Our Leaders of Tomorrow
Since its inception in 1991, the NBMBAA® Leaders of Tomorrow® Program has mentored over 8,000 youth aspiring to leadership roles in professional fields.
Leaders of Tomorrow Pillars
Leaders of Tomorrow is a comprehensive programmatic approach for providing leadership development to high school students.
The program offers participants resources, knowledge, and opportunities in the way of mentoring relationships, scholarships, and internships.
The program is driven by mentoring across four developmental areas:
Teach fundamental leadership skills and provide opportunities to practice and refine those abilities.
Instill financial responsibility with real-world examples, like setting goals, budgeting and exploring personal finance
Prepare students for higher education by providing test prep, on-campus experiences, and open dialouge.
Exposes students to potential career paths by providing mentors and exposure to real-world experiences.
Participating in the Program
Leaders of Tomorrow aims to provide mentors to high school students who have leadership potential and could benefit from exposure and mentorship.
Participating in the program includes:
Workshops are held monthly during the school year. Speakers present and conduct workshops on career-related topics.
Students have the chance to visit local companies, participate in community service and experience different cultures.
Opportunity to attend the National Black MBA National Conference, the largest annual gathering of black business professionals in the world.
Students will have assistance identifying and participating in case competitions to win College Scholarships.
From One Leader to Another
Where could I find a place where I can be surrounded by intelligent, ambitious, high achieving black students? Living in a predominantly white school district, I thought this racial detachment was permanent, but my question was answered when I joined the National Black MBA Association Leaders of Tomorrow Program (LOT). LOT has allowed me to expand my fluency in business and professionalism in monthly workshops. I was a member of the Columbus Chapter’s Case Competition team, where we competed at Emory University June 2012. Case Competition was a challenge; the preparation required us to analyze a Harvard Business Case and find new revenue streams for Facebook. Although our team did not win, I learned how to create a SWOT analysis and the Porter’s Five Forces model. Moreover, I became a more confident speaker and discovered a deeper meaning of professionalism. A few months later, I was elected National Chief Operations of LOT at the 2012 National Annual Conference. I brought the perspective of a National Officer back to my chapter, and I spoke at many workshops to entice leaders to attend Conference and Case Competition.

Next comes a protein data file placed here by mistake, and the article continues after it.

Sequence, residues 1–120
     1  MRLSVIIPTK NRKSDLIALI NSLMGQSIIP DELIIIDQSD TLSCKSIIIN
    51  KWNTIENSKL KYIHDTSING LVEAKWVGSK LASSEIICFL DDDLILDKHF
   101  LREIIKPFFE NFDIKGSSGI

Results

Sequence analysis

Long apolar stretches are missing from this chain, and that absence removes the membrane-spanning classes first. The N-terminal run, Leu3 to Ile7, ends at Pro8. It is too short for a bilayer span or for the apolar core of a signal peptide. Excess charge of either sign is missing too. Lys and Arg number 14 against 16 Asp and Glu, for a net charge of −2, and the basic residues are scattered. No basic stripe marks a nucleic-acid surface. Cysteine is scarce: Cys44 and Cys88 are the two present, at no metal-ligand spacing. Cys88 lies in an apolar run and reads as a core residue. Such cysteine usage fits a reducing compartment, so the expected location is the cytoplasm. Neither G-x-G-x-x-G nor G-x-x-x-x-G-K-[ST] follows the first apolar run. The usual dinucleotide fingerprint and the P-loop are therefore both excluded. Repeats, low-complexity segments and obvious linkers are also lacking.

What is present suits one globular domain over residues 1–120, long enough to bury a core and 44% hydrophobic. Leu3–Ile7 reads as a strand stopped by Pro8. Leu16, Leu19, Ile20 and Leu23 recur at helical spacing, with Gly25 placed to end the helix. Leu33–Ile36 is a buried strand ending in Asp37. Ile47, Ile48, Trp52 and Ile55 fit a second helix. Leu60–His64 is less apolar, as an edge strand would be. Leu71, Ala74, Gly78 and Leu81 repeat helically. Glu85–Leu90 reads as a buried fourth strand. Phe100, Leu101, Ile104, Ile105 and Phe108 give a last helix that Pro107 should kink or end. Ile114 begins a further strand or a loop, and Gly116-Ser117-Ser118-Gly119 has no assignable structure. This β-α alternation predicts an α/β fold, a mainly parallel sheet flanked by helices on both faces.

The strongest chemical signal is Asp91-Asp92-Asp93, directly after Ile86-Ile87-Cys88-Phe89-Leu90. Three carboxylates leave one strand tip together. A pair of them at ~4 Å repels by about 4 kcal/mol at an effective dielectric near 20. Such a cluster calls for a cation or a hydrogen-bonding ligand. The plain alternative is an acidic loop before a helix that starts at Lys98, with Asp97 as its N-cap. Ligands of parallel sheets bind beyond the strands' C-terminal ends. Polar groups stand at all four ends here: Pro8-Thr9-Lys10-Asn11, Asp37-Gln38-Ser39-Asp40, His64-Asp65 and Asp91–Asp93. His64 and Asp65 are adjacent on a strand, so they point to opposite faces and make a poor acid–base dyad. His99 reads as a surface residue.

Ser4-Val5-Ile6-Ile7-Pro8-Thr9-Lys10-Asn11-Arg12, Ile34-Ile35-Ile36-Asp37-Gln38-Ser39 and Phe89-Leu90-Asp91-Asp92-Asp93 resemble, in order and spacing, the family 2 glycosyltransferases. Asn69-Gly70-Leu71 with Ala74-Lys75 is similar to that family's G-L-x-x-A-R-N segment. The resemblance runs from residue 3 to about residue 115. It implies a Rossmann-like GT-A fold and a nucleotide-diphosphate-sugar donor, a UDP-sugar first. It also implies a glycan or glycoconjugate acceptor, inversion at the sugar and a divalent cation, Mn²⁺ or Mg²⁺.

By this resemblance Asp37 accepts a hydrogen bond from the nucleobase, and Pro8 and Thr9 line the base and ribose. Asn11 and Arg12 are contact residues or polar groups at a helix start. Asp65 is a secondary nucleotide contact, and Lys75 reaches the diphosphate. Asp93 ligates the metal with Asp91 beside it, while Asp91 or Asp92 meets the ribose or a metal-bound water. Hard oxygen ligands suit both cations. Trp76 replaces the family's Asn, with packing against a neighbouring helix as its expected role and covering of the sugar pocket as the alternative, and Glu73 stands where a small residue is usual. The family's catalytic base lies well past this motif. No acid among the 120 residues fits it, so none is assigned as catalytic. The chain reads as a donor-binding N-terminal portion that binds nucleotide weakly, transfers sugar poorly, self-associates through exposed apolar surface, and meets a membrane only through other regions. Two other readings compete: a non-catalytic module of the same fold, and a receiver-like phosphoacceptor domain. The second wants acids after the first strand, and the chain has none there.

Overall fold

This past September, I attended my second Annual Leaders of Tomorrow Conference. We heard presentations from a myriad of professionals. Valorie Burton, founder of the Coaching and Positive Psychology Institute, spoke exclusively to the young women on how living a happy life can be a consistent reality by embracing our creativity and being confident. David Nelson, Founder and CEO of the Efficacy Institute, gave us the tools on how to deal with difficult people from co-workers to superiors in a professional setting. The list goes on. It was also because of the National Black MBA Association that I was chosen, out of hundreds of leaders, to conduct and interview with Robert Johnson, the first African-American billionaire at the 2013 Annual Conference Luncheon in front of thousands. But there is one thing that made the 2013 Annual Leaders of Tomorrow Conference unforgettable. After a competitive series of speeches, I was elected National President and CEO of the Leaders of Tomorrow. I am so humbled by my peers’ selecting me to lead them during the 2013-2014 LOT Year.
So far, I’ve created the “Leaders of Tomorrow Council of Chapter Leadership” Facebook page which has been an unprecedented, efficient medium of inter-chapter communication. This year we plan to see six chapters unite in pairs and hold joint workshops and/or community service projects. Seeing this is my final year in LOT, I plan on making it the best yet on the chapter and national level. Looking back, LOT has truly changed my life. It has allowed me to develop many meaningful relationships all over the world. My fellow LOT brothers and sisters reject the word “underrepresented” and embrace the word “powerful,” because we stand together to defy negative social stigmas. LOT has also given me direction, and I now know that I am pursuing a career in business. I owe my whole high school experience to LOT.
Be a Speaker, Be a Mentor
We are always looking for adults to teach, motivate, and guide our LOT students!
Interested in becoming mentoring Tomorrow’s Leaders? Email us at firstname.lastname@example.org.